Friendly Foxes’ Genes Offer Hints to How Dogs Became Domesticated

“The domestic dog is selected for so many different things,” said one researcher conducting the experiment. The fox is only selected for friendliness.

Tame foxes offer a tantalizing window into the nature of domestication. Starting around 1960, Russian scientists took farm-bred foxes and began to breed them selectively, not for better fur, but for friendliness toward humans.

The result is a strain of foxes that appears to take just as much pleasure in the company of people as your average golden retriever. Their story was chronicled last year in a book whose co-author, Lyudmila N. Trut, is one of the scientists who conducted the experiment.

The tame foxes may seem like irresistible pets. But they are still nocturnal, not easily housebroken and not really well-suited to live in a house with human beings, said Anna V. Kukekova, of the University of Illinois, who studies the genetics of the foxes.

They are, however, an obvious resource for genetic studies that aim to tease out some of the genes involved in domestication, particularly in dogs. Foxes are canids, like wolves, dogs and the extinct wolves that are thought to have given rise to dogs.

Dr. Kukekova and a team of scientists in the United States, Russia and China, sequenced the red fox genome for the first time and then compared three strains of red foxes — farm bred, selected for tameness and selected for aggressiveness. All three strains were bred by the Institute of Cytology and Genetics of the Russian Academy of Sciences.

[Like the Science Times page on Facebook. | Sign up for the Science Times newsletter.]

Dr. Kukekova and colleagues identified 103 regions of DNA that stood out as having been under selective pressure in the breeding, in which only the friendliest pups were allowed to mate. She also picked one gene that seemed to be a good candidate in selecting for tameness, called SorCS1. They reported their work in Nature Ecology & Evolution.

The gene is involved in regulating how the connections between brain cells work, which makes sense for a gene involved in social behavior. Other genes of interest are connected to human illnesses that affect behavior, like autism.

But determining how such genes might fit into domestication is a very complicated enterprise, Dr. Kukekova said. “The domestic dog is selected for so many different things,” she said. The fox is only selected for friendliness.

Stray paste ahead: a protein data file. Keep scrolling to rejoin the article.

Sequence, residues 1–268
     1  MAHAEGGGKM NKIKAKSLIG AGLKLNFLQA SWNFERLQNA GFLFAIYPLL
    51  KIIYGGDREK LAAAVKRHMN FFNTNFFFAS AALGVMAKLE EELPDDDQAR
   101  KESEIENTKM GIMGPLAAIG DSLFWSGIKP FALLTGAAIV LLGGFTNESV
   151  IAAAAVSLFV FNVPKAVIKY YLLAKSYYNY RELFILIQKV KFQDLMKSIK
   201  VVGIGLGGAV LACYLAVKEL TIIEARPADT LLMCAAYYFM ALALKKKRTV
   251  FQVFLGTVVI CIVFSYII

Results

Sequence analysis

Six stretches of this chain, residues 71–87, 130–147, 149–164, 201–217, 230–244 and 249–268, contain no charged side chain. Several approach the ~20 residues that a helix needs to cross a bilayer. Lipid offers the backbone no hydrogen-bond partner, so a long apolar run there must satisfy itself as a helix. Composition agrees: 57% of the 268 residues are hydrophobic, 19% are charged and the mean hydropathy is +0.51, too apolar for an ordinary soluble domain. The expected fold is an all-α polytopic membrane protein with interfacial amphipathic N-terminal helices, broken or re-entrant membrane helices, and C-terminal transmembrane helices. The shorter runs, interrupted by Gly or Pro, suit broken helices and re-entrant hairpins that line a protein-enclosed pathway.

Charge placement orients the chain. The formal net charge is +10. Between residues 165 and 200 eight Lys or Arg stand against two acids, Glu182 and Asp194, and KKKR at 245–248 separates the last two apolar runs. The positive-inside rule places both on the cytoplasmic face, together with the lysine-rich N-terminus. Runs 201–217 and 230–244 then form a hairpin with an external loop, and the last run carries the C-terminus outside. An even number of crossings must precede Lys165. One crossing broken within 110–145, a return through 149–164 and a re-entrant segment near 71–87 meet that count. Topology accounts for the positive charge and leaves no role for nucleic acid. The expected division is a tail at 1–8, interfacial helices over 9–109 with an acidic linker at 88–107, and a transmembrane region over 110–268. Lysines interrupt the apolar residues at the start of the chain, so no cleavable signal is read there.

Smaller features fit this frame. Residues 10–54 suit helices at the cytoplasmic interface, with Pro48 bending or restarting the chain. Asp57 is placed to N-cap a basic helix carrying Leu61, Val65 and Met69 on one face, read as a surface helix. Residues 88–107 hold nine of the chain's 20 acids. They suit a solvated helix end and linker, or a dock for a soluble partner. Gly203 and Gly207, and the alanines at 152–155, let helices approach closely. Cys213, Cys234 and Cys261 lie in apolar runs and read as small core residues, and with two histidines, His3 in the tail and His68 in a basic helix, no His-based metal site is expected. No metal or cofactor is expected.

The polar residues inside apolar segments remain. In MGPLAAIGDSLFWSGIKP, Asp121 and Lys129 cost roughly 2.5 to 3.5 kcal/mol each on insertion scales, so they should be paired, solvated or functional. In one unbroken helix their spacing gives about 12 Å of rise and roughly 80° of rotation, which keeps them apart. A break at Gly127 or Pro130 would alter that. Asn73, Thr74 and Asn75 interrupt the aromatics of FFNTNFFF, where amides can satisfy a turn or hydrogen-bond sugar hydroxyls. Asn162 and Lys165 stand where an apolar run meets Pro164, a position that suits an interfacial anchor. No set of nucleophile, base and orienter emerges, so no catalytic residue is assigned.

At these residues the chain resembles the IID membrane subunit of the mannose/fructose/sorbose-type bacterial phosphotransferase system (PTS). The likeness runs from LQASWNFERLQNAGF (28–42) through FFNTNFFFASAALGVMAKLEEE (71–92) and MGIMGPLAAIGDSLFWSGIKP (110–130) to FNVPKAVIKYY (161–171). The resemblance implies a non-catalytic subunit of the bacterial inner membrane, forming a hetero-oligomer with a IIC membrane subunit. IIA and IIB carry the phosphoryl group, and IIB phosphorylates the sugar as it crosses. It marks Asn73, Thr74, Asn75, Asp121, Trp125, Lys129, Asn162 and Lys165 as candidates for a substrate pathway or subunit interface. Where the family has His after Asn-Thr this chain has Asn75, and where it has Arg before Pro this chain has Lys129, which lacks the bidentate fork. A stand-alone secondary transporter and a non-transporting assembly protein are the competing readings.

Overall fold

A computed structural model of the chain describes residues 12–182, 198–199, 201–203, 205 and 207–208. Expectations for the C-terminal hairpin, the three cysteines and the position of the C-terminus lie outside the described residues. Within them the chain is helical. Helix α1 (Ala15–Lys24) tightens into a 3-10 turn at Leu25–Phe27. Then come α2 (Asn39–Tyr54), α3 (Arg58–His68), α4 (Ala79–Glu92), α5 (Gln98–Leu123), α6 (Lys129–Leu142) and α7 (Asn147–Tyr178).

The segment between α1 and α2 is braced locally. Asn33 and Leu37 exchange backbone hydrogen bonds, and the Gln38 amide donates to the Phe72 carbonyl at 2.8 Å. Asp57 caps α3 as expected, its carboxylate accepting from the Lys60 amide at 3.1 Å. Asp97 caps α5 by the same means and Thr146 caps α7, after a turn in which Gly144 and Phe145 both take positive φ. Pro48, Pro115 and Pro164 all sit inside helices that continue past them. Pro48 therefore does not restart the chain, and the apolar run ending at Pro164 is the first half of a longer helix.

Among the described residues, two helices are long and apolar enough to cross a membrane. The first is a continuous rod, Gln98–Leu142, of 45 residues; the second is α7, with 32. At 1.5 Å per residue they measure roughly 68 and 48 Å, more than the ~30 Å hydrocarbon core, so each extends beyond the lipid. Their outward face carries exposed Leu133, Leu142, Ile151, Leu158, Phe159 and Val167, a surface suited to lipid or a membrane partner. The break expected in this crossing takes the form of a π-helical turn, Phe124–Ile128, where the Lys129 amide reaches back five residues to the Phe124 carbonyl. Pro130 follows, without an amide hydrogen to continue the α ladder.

Bridgett vonHoldt, of Princeton University, recently reported that genes associated with Williams-Beuren syndrome in humans may be connected to why dogs are so friendly. She said the search for genes that affect behavior is very difficult. Even when genes are found that seem to be connected to behavior, she said, “We actually know very little about gene functions and the diversity of roles they actually play.”

Dr. Kukekova said that genes found in the fox are tantalizing hints. “We can’t be 100 percent sure that they are involved in the evolution of behavior.”

But the first step is to find these candidate genes, she said, and the current research shows that in that pursuit, the tame foxes are very useful animals.

In Other News

fake money

Keywords clouds text link

Dịch vụ seo, Dịch vụ seo nhanh , Thiết kế website ,  máy sấy   thịt bò mỹ  thành lập doanh nghiệp
Visunhomegương trang trí  nội thất  cửa kính cường lực  Vinhomes Grand Park  lắp camera Song Phát thiết kế nhà

Our PBN System:  thiết kế nhà xưởng thiết kế nội thất thiết kế nhà tem chống giả ban nhạ  ốp lưngGiường ngủ triệu gia  Ku bet ku casino buy fake money máy sấy buồn sấy lạnh

mặt nạ  mặt nạ ngủ  Mặt nạ môi mặt nạ bùn mặt nạ kem mặt nạ bột mặt nạ tẩy tế bào chết  mặt nạ đất sét mặt nạ giấy mặt nạ dưỡng mặt nạ đắp mặt  mặt nạ trị mụn
mặt nạ tế bào gốc mặt nạ trị nám tem chống giả  công ty tổ chức sự kiện tổ chức sự kiện
Ku bet ku casino
Sâm tươi hàn quốc trần thạch cao trần thạch cao đẹp

suất ăn công nghiệpcung cấp suất ăn công nghiệp

© 2020 US News. All Rights Reserved.